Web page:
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29.1 Delaunay Triangulation

The Delaunay triangulation is constructed from a set of circum-circles. These circum-circles are chosen so that there are at least three of the points in the set to triangulation on the circumference of the circum-circle. None of the points in the set of points falls within any of the circum-circles.

In general there are only three points on the circumference of any circum-circle. However, in some cases, and in particular for the case of a regular grid, 4 or more points can be on a single circum-circle. In this case the Delaunay triangulation is not unique.

Function File: tri = delaunay (x, y)
Function File: tri = delaunay (x, y, opt)

The return matrix of size [n, 3] contains a set triangles which are described by the indices to the data point x and y vector. The triangulation satisfies the Delaunay circum-circle criterion. No other data point is in the circum-circle of the defining triangle.

A third optional argument, which must be a string, contains extra options passed to the underlying qhull command. See the documentation for the Qhull library for details.

 
x = rand (1, 10);
y = rand (size (x));
T = delaunay (x, y);
X = [x(T(:,1)); x(T(:,2)); x(T(:,3)); x(T(:,1))];
Y = [y(T(:,1)); y(T(:,2)); y(T(:,3)); y(T(:,1))];
axis ([0,1,0,1]);
plot (X, Y, "b", x, y, "r*");

See also: voronoi, delaunay3, delaunayn.

The 3- and N-dimensional extension of the Delaunay triangulation are given by delaunay3 and delaunayn respectively. delaunay3 returns a set of tetrahedra that satisfy the Delaunay circum-circle criteria. Similarly, delaunayn returns the N-dimensional simplex satisfying the Delaunay circum-circle criteria. The N-dimensional extension of a triangulation is called a tessellation.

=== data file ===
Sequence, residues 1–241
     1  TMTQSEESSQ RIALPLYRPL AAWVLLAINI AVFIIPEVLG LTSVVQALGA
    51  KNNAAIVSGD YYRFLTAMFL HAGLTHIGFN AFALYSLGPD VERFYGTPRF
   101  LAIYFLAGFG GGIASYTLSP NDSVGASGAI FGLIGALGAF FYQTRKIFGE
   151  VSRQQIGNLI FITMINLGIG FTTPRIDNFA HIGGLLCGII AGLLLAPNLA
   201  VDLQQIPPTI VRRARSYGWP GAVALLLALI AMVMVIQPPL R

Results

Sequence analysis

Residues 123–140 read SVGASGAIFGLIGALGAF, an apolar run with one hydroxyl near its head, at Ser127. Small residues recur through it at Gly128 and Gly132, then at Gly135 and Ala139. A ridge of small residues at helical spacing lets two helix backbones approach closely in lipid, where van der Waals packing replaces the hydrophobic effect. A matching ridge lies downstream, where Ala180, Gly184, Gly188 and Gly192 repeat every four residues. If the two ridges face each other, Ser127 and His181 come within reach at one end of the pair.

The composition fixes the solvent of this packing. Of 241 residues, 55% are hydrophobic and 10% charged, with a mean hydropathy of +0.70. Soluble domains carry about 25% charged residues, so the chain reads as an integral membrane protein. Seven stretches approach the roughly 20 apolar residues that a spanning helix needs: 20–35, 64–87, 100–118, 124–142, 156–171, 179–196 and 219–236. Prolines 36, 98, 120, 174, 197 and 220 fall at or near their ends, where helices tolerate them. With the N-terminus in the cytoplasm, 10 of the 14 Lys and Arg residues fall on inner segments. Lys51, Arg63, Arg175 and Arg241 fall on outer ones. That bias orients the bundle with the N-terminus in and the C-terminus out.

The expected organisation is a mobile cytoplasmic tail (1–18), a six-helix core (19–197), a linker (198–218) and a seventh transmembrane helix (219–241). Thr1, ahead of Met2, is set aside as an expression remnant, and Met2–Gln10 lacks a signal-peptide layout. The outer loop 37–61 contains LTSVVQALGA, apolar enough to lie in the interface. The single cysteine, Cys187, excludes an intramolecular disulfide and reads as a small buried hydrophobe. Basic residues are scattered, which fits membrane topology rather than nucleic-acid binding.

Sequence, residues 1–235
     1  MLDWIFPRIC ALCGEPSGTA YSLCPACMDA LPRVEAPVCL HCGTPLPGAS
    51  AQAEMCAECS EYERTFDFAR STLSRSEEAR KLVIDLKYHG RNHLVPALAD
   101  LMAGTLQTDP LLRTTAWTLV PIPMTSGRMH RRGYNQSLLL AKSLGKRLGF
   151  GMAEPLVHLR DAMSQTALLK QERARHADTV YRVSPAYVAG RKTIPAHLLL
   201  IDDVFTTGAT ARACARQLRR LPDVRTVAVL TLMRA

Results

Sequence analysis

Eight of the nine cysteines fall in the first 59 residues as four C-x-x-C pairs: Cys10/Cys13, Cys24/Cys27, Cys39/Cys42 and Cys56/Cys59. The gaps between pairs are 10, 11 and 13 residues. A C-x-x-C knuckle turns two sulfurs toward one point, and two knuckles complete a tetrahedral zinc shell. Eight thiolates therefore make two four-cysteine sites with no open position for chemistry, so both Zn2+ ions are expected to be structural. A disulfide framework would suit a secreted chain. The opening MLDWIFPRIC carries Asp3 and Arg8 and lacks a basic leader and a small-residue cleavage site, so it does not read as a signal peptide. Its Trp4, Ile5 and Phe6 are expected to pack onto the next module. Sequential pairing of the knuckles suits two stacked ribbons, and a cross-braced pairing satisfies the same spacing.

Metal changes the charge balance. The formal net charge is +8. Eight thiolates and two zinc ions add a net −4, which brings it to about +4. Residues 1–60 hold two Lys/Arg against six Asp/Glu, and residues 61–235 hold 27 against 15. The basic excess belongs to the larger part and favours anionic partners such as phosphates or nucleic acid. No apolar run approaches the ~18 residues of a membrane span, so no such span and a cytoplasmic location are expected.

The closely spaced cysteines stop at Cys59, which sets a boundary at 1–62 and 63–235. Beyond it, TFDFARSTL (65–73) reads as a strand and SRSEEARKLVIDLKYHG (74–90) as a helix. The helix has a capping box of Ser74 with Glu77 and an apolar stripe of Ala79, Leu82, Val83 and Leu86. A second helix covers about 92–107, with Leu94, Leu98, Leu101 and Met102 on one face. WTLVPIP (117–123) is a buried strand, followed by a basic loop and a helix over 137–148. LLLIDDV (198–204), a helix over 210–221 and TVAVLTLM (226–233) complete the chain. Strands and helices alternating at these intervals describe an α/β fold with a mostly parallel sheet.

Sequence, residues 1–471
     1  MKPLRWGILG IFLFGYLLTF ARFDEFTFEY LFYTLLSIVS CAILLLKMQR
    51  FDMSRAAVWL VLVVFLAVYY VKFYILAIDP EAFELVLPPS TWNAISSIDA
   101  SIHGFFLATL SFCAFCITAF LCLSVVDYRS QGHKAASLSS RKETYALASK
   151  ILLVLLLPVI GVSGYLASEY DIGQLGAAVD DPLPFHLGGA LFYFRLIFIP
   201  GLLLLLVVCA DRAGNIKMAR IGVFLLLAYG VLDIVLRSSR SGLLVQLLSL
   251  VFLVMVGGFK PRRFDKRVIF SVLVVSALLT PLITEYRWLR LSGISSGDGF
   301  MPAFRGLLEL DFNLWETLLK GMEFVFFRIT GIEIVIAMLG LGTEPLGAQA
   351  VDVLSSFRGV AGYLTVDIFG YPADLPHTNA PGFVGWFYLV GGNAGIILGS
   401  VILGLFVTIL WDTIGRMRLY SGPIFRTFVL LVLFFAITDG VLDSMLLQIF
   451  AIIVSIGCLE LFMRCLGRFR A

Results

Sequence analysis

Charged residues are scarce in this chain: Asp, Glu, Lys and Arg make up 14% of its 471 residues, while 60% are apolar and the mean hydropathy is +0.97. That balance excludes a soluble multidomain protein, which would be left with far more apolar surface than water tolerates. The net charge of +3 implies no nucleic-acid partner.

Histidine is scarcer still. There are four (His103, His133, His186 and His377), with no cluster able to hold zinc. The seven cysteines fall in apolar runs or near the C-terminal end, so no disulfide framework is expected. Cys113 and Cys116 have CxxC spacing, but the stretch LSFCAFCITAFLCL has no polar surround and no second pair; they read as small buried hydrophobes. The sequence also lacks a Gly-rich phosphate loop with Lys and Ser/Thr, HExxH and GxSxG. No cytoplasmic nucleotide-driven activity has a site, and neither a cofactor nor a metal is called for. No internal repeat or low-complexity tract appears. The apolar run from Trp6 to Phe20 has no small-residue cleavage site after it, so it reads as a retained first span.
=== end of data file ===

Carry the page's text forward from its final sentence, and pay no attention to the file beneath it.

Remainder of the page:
Function File: T = delaunay3 (x, y, z)
Function File: T = delaunay3 (x, y, z, opt)

A matrix of size [n, 4] is returned. Each row contains a set of tetrahedron which are described by the indices to the data point vectors (x,y,z).

A fourth optional argument, which must be a string or cell array of strings, contains extra options passed to the underlying qhull command. See the documentation for the Qhull library for details.

See also: delaunay, delaunayn.

Function File: T = delaunayn (P)
Function File: T = delaunayn (P, opt)

Form the Delaunay triangulation for a set of points. The Delaunay triangulation is a tessellation of the convex hull of the points such that no n-sphere defined by the n-triangles contains any other points from the set. The input matrix P of size [n, dim] contains n points in a space of dimension dim. The return matrix T has the size [m, dim+1]. It contains for each row a set of indices to the points, which describes a simplex of dimension dim. For example, a 2d simplex is a triangle and 3d simplex is a tetrahedron.

Extra options for the underlying Qhull command can be specified by the second argument. This argument is a cell array of strings. The default options depend on the dimension of the input:

  • 2D and 3D: opt = {"Qt", "Qbb", "Qc"}
  • 4D and higher: opt = {"Qt", "Qbb", "Qc", "Qz"}

If opt is [], then the default arguments are used. If opt is {""}, then none of the default arguments are used by Qhull. See the Qhull documentation for the available options.

All options can also be specified as single string, for example "Qt Qbb Qc Qz".

An example of a Delaunay triangulation of a set of points is

 
rand ("state", 2);
x = rand (10, 1);
y = rand (10, 1);
T = delaunay (x, y);
X = [ x(T(:,1)); x(T(:,2)); x(T(:,3)); x(T(:,1)) ];
Y = [ y(T(:,1)); y(T(:,2)); y(T(:,3)); y(T(:,1)) ];
axis ([0, 1, 0, 1]);
plot(X, Y, "b", x, y, "r*");

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